The fourth aspect is questions posed at the end of the message. When you ask yourself these questions, you open yourself up to new ideas and possibilities that you had probably never considered before.
And the fifth and final aspect of the book is my own story, which I share at the end of the book because it has parallels to Steve’s story.
You’ve spoken to and touched the lives of 1 million people in 100 cities in 5 continents, so you are no stranger to travel. Do you have a favourite city to visit? Why?
In a heartbeat, San Juan, Puerto Rico! Why? I love the weather and the people. My clients there are like family and friends.
You have said, “In order for an organization to separate itself from the rest of the pack, leaders must invest in themselves and their people.” However, in today’s globalized and competitive world, many businesses struggling to meet staffing needs often look to hire who they need, instead of cultivating and training a candidate from within. Why do you think that remains a trend?
It remains a trend because it takes a certain degree of awareness, honest reflection, and committed focus to develop people from within. But a transformational leader who has invested in creating lasting impact will naturally gravitate towards first cultivating people around him.
In essence, the difference really is between being a transformational leader versus being a transactional leader. The differences include:
● A transactional leader gives tasks to subordinates; a transformational leader coaches and mentors.
● A transactional leader retires subordinates; a transformational leader rejuvenates them.
● A transactional leader micromanages and overpowers; a transformational leader engages, energizes, and empowers.
● A transactional leader prefers being in status quo; a transformational leader positively disrupts and innovates to make things better.
● A transactional leader picks on faults; a transformational leader highlights and praises people for doing things right.
● A transactional leader keeps ordinary people ordinary; a transformational leader makes ordinary people extraordinary.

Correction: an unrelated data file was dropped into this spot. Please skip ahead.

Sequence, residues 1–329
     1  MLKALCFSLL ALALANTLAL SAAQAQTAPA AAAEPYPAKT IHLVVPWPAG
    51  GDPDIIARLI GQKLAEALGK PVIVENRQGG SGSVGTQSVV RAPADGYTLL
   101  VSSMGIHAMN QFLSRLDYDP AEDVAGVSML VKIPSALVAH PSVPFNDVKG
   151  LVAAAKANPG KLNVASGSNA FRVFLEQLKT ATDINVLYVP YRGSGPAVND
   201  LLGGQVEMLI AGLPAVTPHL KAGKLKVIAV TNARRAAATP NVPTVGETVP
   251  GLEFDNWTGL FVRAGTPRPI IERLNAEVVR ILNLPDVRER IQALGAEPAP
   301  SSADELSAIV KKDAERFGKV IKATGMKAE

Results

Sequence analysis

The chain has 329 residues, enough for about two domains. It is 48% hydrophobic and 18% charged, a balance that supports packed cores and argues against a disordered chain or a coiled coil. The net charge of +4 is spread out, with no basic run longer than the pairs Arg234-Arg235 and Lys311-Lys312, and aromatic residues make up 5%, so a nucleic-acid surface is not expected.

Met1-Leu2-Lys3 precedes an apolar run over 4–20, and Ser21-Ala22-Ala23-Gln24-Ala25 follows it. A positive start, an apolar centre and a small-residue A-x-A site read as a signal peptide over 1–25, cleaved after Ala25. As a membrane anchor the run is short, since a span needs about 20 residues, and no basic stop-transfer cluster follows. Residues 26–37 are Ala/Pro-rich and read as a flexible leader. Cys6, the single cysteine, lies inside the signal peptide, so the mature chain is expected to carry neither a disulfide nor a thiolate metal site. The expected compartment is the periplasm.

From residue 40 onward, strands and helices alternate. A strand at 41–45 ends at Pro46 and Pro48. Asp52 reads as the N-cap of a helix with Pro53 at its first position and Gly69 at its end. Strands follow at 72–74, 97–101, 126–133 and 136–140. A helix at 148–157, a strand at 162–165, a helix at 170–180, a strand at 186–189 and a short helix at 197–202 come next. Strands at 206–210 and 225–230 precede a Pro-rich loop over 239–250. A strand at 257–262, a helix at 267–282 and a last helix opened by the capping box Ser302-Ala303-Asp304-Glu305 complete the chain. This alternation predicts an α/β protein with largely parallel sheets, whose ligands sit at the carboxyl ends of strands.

● A transactional leader works “in” the business; a transformational leader work “on” the business.
● A transactional leader merely creates followers; a transformational leader develops and nurtures more leaders.
● A transactional leader remains in the comfort zone; a transformational leader thinks outside the box, and is creative and innovative.
● A transactional leader relies on worn out practices, whereas a transformational leader relies on best practices.
● A transactional leader creates silos; a transformational leader builds exciting and powerful synergistic teams through amazing team building approaches beginning with creating a common vision and ownership mentality!
What is the difference between being dedicated and being a workaholic? What is the best way to set a professional pace?
A dedicated person is guided by self-awareness and purpose, while a workaholic is guided by the frenzy of activity for the sake of activity.
To allow yourself to be guided by a strong sense of self-awareness and purpose in the professional sphere, you need to apply the 12 best practices, which include:
First things first
First things should never be at the mercy of last things. First things first include things like:
- The Hour of Power, which includes a 20-minute exercise, 20 minutes of meditation, and 20 minutes spent reading something uplifting.